Three quarters of PMs See Benefit of Social Media

Over 75% of project professionals feel that social media tools provide the opportunity to improve the way they manage projects, according to a new survey I’ve overseen & compiled. For those who don’t know, I’m the director of project management copywriting firm The Otobos Group and author of the award-winning blog, A Girl’s Guide to Project Management.

The Social Media in a Project Environment Survey 2011 shows how project managers around the world are using social media tools to manage projects and lead teams. Social media was a hot topic for project managers during 2010 and this year shows that interest and experience of using social media tools at work is continuing.

Podcasting is just one social media tool that serves as a great tool for training and professional development.
Podcasting is just one social media tool that serves as a great tool for training and professional development.

This is the second time I’ve run the survey and it is interesting to see the trends against the data from last year. Many senior managers still fail to see the benefits that social media tools used professionally at work can bring. The results provide an insight into how project managers are using social media tools. I believe this means that many workplaces are becoming more aware of the importance of tailoring communication channels to how the recipient wants to receive information. It’s also a sign that the boundaries of work and personal lives are continuing to blur as a result of technology adoption.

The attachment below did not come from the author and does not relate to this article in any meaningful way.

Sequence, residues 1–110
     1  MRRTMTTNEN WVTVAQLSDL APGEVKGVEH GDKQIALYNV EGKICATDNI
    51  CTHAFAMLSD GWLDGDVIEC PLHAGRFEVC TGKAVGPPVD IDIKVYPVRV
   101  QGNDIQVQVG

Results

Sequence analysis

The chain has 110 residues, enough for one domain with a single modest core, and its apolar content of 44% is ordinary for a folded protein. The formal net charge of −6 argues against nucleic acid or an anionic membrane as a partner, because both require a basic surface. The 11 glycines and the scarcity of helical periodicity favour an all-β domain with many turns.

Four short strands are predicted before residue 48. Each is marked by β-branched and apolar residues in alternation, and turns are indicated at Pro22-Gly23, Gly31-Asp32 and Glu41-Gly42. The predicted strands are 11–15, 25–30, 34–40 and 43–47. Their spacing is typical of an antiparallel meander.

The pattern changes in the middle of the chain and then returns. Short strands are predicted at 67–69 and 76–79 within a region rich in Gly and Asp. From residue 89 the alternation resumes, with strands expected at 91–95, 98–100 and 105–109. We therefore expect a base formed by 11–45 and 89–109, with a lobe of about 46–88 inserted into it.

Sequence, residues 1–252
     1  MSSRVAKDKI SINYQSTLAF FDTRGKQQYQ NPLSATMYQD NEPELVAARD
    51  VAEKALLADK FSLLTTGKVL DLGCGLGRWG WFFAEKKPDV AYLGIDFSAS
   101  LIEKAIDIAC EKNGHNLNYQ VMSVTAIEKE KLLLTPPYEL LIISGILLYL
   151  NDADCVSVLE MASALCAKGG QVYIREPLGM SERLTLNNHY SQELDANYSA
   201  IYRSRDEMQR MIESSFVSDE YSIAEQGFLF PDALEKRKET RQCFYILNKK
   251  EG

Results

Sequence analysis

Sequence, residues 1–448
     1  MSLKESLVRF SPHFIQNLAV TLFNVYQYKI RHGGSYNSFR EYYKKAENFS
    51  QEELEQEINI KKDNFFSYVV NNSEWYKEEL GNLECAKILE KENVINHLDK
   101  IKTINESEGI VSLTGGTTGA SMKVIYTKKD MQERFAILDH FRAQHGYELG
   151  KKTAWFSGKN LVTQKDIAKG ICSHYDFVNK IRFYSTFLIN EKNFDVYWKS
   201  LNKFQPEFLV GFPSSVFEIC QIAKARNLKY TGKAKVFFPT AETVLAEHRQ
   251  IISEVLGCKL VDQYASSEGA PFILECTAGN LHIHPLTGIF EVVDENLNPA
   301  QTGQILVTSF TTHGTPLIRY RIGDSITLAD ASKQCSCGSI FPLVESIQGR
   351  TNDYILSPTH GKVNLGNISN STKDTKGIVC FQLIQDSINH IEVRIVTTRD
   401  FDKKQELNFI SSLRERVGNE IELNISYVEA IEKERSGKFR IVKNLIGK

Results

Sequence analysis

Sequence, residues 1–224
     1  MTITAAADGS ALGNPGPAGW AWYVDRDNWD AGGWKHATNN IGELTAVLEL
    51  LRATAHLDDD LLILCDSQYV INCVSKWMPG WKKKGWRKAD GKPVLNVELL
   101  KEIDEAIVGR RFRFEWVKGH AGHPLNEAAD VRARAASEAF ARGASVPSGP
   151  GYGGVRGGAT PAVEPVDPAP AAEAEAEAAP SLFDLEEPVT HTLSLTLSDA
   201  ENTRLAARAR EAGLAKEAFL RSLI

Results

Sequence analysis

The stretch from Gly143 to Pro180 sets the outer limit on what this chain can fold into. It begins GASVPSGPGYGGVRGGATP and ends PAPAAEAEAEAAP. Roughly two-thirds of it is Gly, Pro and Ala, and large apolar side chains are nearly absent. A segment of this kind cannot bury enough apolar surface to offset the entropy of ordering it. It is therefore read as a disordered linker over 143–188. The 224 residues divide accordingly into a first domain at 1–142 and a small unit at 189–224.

Survey highlights:

  • Use of blogs for business purposes has grown 20% since last year.
  • Over 90% of respondents use social media tools to stay in touch with colleagues.
  • Podcasts and video podcasts are among the least used tools. Harrin recommends that managers responsible for coaching and mentoring project teams consider these as they are excellent, low-cost, vehicles for training material and professional development.
  • Over 40% of people said that they are not officially sanctioned to use social media tools at work, but they do so anyway, an increase of 4% from last year. Personally, I believe that IT managers need to wake up to the idea that employees are finding ways to use social media tools at work whether they have been officially sanctioned or not – software installed outside of the official channels could be a security risk.

The full version of the survey results can be downloaded from A Girl’s Guide to Project Management at:


Survey methodology and demographics

  • The survey was carried out online during January and February 2011. There were 181 respondents from 32 countries.
  • There is a confidence level of 95% and a confidence interval of +/- 7.28%. (You can be 95% sure that any given answer is within plus or minus 7.28% of what the general population of project management professionals would answer.)
  • Survey demographics:
    • Gender – Male 50%; Female 49%
    • Age – Under 34 32%; 35-49 44%; 50+ 23%; not disclosed 1%

EDITOR’S NOTE: Much of what Elizabeth has found about the growing impact in the PM’s working environ correspond with the responses to the 2011 Project Management Benchmark Report from Arras People. The survey, conducted in December and January with findings released this past February, revealed how respondents increasingly found an upside for 2.0 Web tools at work (a majority of 52%). 32% saw the benefit of using some tools for necessary project communication. And for professional networking purposes, 42% of respondents saw benefits from social media tools. It’s very intriguing to realise that in spite of managerial concerns about 2.0 tools, 2 out of 5 project professionals felt it was in their best interest to use such tools anyway. Without question, you’d do well to take a look at her link above and learn more about the social media mores of our profession.

Do you want a copy of The Benchmark Report? Contact us and we’ll let you know how you can get your hands on one.


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